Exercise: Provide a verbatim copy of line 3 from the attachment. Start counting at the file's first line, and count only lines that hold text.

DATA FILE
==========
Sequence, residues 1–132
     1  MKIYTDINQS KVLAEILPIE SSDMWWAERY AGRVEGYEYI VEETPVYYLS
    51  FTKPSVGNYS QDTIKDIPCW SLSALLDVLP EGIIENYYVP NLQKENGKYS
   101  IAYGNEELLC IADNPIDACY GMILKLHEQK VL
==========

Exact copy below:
    51  FTKPSVGNYS QDTIKDIPCW SLSALLDVLP EGIIENYYVP NLQKENGKYS